Rivers State Governor, Nyesom Wike, has urged President Muhammadu Buhari, to heed the clamour for fiscal federalism and restructuring, saying without addressing the issues the country would be on fire.
The governor said Buhari must act now to douse brewing tension in the country.
Wike according to a statement signed by his Special Assistant, Media, Kelvin Ebiri, spoke as a guest for a television programme on Thursday.
The governor said the President should address the grievances expressed by stakeholders in the South-South and other geopolitical zones that met recently with a presidential delegation led by Chief of Staff to the President, Prof. Ibrahim Gambari.
Wike said the stakeholders, who met in Port Harcourt ventilated their demands and appealed to the President to implement their demands.
He said: “President Buhari has an opportunity today that Nigerians are saying these are the things we want; these are the things we think can move Nigeria forward.
“And you have to show leadership by saying, I have listened to you and these are things we can implement. You may not necessarily implement everything that the people are talking about or people may want. But let people say that under President Buhari, he has been able to implement one, two, three and four demands by the people.
“But, if he does not take this opportunity now, and does not implement some of these requests, I don’t think it will be very good for Nigeria and for his legacy. I don’t think that will mean well.
“If the president does not do, given the opportunity he has now, then, he will put Nigeria on fire.”
Wike acknowledged that some of the salient demands of the South-South zone required constitutional amendments.
He implored the President that whenever the National Assembly carried out constitutional amendment on restructuring, true federalism and resource control, he should not refuse to assent to it.
He said: “But, again, if constitutional amendment is being made and the President vetoes or says no, he will not sign it like it has happened under the Electoral Act, then it will become a problem for Nigerians.”
He dismissed insinuation by the Deputy Senate President, Obarisi Ovie Omo-Agege, that National Assembly members and ministers from the zone were not consulted before Tuesday’s meeting with the presidential delegation.
“We are playing politics with issues that concerns Nigerians; issues that concern the region. I don’t need to be told, assuming I am a legislator, and something like this happens, I will rush back to the State to meet the governor; to meet the stakeholders and say what we do.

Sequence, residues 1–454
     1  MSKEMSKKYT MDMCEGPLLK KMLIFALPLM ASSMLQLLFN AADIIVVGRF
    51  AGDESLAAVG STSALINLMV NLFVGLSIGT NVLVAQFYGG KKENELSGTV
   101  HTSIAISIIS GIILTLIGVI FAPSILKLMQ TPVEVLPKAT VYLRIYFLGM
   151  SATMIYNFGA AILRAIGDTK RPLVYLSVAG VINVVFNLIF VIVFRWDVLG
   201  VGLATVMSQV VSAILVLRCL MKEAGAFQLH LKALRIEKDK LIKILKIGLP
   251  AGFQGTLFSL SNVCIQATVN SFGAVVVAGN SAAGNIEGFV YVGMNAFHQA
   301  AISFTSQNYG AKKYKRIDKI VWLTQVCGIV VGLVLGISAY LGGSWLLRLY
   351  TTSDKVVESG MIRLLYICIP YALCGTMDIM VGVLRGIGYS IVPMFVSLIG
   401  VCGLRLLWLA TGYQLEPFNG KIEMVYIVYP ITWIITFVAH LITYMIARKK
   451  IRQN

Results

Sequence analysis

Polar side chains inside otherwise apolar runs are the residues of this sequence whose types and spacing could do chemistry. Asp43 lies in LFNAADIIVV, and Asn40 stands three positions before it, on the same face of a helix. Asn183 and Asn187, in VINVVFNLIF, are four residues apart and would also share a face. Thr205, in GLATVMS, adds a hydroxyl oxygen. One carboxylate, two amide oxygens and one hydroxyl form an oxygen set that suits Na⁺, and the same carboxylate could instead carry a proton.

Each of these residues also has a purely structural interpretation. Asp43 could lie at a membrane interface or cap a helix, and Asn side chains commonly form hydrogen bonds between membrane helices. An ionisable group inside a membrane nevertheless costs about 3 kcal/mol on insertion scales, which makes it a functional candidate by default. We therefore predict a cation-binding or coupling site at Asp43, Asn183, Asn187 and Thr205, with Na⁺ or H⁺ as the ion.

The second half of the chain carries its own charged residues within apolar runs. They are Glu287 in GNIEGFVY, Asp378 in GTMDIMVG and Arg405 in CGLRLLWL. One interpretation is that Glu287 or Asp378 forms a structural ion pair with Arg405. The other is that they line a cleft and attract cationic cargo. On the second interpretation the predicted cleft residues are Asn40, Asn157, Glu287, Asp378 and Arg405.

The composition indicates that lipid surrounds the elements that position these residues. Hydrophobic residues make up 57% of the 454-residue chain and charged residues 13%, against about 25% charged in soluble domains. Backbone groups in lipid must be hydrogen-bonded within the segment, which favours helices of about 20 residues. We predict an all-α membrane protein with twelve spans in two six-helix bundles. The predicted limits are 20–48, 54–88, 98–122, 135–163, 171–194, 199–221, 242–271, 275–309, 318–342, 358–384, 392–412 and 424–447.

“You don’t need to wait for the governor to call you. It is your own responsibility as representative of the people. You heard that your state has been burnt down for example, you don’t expect somebody who is bereaved to begin to call, to say I am bereaved”, he said.
Wike described as regrettable the absence of the Minister of Transportation, Rotimi Amaechi at the stakeholders’ meeting.
He said the former governor arrived the Government House, Port Harcourt, with the Chief of Staff for the crucial stakeholders meeting on Tuesday, but failed to participate in the event for inexplicable reasons.
“When I told the Chief of Staff, where is my own Minister, he was also shocked, because he knew that the Minister was at the airport with them,” he said.
Wike said President Buhari had done the needful by appointing people to manage the affairs of the Niger Delta Development Commission (NDDC) for the interest of the region.
“But, regrettably, those appointed are politicians who have refused to work with PDP governors in the region,” he said.
He accused the NDDC of pervasive corruption to the extent of claiming projects done by Rivers State government, as its own.
He said: “Rivers State Government went to court and challenged NDDC that you cannot do what you are doing without consultation, without approval of the State Government. And the court agreed with the Rivers State government that you are right. NDDC you cannot do what you are doing. You are distorting the physical development of the state.”
The governor, lamented the continuous politicisation of security in the country saying it had had prevented the take-off of operations of the State Neighbourhood Safety Corps.
He accused the Nigerian Army, which ironically, had given tactical support to similar outfits in APC controlled states like Lagos and Kogi, of preventing the State Safety Corps to operate, despite legislative backing.
He also wondered why the police command would be contemplating community policing without the involvement of state governors.
“You are talking about community policing and then State government is not involved. Who pays these officers or the men who are involved in community policing? You stay in Abuja, you take a decision, you recruit, then you come and tell the state government to come and pay, it does not work that way.
“And what do you mean by community policing? You are talking about how to provide security in various communities. Who is in charge of these communities? And that is the problem we have in our own federal structure. You cannot say you operate a true federal system when you have only one Police command,” he said.
Wike dismissed claims that the state government owed personnel of the Rivers State Transport Company, explaining that the state did not have such employees on its database.
He explained that before the advent of his administration, the state transport company was operating as a franchise, without remitting proceeds to the state government.